Continuous improvement is an ongoing effort to improve the quality of the Company and care delivered by the Company
Takes into account the needs of Customers, Suppliers and Stakeholders, and may involve them in improvement activities
Looks at improvements in a systematic way to improve quality over time
Ranges in scale from smaller programs to significant strategic initiatives.
What is the relationship between continuous improvement and quality assurance?
Quality assurance is about systems and processes that deliver a consistent quality of care and the Company. Continuous improvement moves beyond quality assurance to find ways of lifting the quality of the Company delivered.
What are the principles of continuous improvement?
Whatever approach is used, the following framework helps to drive and support the process:
Customers, Suppliers and Stakeholders
Strategic planning and implementation
Regular monitoring and evaluation.
A culture of continuous improvement ensures a Company that is responsive to change and can continually develop a quality service that is of value to Customers, Suppliers and Stakeholders.
A sound continuous improvement program can demonstrate:
Baseline – the current situation the Company is trying to change
Planned improvements and the expected benefit to the Company
Monitoring – systems to monitor a new process or activity during its implementation
Evaluation – systems to monitor a process or activity once it has been implemented, which should help ensure its sustainability and capture the actual improvements.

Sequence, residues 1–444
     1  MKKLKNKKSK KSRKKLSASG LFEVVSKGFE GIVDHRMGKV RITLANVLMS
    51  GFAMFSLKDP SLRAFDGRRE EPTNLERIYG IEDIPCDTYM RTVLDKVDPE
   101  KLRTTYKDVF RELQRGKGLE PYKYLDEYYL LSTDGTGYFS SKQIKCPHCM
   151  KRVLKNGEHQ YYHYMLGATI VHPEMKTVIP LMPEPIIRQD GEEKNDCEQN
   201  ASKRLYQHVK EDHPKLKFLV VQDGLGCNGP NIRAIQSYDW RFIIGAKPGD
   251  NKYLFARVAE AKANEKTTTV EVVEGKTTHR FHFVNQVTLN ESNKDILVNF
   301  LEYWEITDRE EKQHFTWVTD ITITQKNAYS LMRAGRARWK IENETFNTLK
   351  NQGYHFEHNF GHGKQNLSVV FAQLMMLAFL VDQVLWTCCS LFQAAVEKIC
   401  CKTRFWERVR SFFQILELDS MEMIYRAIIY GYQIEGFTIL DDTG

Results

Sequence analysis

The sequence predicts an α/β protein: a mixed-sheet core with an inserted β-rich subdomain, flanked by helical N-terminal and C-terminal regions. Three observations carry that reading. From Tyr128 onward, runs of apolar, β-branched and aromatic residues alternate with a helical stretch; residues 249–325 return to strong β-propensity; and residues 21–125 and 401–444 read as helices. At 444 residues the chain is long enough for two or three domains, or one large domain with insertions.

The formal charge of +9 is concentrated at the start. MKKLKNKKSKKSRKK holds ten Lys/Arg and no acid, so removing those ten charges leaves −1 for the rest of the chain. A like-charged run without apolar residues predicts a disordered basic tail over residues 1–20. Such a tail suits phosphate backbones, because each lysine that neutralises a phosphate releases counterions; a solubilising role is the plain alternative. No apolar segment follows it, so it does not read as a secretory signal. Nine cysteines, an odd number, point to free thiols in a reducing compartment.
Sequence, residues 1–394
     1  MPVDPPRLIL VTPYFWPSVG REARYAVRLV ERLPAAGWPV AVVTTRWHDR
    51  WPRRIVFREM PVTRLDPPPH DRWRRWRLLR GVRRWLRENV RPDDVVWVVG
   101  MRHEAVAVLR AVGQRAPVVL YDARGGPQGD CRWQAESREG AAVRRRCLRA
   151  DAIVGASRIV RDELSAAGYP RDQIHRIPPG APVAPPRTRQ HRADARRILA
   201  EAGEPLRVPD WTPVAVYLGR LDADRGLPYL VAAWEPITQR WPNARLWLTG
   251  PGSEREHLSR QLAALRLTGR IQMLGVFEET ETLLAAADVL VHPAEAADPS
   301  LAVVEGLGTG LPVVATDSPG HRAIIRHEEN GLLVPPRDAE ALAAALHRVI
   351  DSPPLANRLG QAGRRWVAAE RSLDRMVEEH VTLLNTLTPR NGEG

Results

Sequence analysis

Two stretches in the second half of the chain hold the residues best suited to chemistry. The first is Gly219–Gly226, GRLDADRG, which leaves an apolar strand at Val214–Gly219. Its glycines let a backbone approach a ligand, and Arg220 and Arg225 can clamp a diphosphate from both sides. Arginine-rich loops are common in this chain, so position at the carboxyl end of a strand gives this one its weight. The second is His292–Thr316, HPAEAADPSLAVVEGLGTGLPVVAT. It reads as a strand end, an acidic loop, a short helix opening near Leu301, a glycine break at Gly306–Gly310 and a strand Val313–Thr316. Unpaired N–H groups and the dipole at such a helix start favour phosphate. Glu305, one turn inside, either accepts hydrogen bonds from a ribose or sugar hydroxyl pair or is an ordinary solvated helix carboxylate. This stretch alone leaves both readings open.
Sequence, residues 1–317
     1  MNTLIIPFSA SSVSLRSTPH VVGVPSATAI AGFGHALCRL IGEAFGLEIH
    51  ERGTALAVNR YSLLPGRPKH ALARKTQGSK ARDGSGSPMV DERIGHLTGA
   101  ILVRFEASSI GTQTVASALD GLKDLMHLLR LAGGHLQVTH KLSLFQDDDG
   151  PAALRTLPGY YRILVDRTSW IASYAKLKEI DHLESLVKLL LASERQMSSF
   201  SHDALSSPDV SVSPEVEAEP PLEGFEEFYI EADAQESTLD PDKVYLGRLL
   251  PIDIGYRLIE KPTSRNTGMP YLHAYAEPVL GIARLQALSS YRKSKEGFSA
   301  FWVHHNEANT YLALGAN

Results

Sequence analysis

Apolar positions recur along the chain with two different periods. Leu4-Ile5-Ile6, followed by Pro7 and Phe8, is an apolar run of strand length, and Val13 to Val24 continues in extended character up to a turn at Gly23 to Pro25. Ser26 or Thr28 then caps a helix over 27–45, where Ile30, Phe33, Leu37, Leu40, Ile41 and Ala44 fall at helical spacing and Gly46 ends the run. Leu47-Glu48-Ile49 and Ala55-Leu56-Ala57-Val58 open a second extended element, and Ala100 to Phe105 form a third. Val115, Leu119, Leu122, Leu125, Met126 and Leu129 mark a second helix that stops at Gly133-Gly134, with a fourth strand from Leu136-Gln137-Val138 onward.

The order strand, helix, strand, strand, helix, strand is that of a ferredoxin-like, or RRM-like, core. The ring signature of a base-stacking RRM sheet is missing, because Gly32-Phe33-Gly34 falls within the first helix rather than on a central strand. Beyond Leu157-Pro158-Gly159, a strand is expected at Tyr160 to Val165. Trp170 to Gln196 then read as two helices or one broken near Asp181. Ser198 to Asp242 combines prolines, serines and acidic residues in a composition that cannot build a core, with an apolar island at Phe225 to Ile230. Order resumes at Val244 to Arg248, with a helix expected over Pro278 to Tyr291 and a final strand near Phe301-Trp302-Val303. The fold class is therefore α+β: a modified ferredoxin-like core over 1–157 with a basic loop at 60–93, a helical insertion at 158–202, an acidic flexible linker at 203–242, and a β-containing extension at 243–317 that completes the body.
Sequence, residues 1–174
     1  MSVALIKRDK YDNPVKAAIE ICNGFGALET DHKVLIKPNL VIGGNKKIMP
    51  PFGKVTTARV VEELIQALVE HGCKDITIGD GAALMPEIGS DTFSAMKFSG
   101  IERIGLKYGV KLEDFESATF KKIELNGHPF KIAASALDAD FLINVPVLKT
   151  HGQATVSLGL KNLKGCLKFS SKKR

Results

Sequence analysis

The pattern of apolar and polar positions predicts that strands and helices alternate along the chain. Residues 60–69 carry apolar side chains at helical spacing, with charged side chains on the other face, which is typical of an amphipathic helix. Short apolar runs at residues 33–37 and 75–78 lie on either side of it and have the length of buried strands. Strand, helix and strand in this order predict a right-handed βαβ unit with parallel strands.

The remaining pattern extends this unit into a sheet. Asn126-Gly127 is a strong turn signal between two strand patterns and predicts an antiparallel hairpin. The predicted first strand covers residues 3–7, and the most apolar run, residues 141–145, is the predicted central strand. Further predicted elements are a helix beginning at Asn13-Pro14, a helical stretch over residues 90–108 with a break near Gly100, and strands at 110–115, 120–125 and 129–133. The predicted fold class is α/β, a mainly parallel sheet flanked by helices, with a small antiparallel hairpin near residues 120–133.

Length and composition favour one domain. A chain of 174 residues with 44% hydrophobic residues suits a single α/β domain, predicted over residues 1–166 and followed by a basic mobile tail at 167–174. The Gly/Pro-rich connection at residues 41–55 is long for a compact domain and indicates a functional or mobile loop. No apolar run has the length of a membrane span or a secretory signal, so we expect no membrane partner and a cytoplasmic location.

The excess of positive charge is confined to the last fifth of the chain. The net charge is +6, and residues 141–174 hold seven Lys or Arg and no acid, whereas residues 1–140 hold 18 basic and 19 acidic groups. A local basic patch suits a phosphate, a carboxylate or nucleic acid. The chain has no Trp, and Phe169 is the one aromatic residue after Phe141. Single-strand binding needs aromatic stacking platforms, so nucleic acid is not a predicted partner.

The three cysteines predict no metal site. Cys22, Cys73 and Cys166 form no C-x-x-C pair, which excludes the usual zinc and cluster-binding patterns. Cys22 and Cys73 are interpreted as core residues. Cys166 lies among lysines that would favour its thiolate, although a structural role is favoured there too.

Continuous improvement processes help the Company resolve problems and deliver high quality care and the Company to Customers, Suppliers and Stakeholders.
How can the Company implement improvements in a structured manner?
Plan the improvement Continuous improvement means taking a systematic and planned approach to improving quality including:
Analysing complaints trends and themes
Researching possible solutions at the service level
Planning and prioritising improvement activities
Listening to suggestions from Customers, Suppliers and Stakeholders
Monitoring and evaluating new solutions, processes and improvements.
Improvements that are made in response to problems are not planned continuous improvement.
The Company should monitor new processes and activities to make sure the change is not causing problems. This will allow the Company to make modifications to an activity or process as required and ensure positive results for Customers, Suppliers and Stakeholders.
Relevant Stakeholders should be involved in the implementation, including through keeping them informed as appropriate. Staff should be supported through education and training, and updated information in policies and procedures.
Evaluate success of the improvement activity
Evaluating the effectiveness of a new activity or process is an important step.
Ensure all components of the activity have been closed-off, for instance, updating of any policies and procedures, and seeking Stakeholder and staff input. Having a structured approach to the evaluation of continuous improvement can also provide guidance for future improvement activities.
There are at least two possible situations in this step:
1. If the improvement activity has been successful you can close the loop, or
2. The improvement activity has been unsuccessful or partially successful and staff need to make amendments and start a new cycle of planning, implementing, evaluating and deciding.
Why should the Company keep track of their improvement activities?
Keeping track of improvement activities ensures a strategic approach to continuous improvement, including prioritisation of activities. It also allows the Company to reflect back on what worked well, and what didn’t. A plan for continuous improvement should include clear information on:
The expected outcome/s to which it relates
The planned action/s
Planned completion date.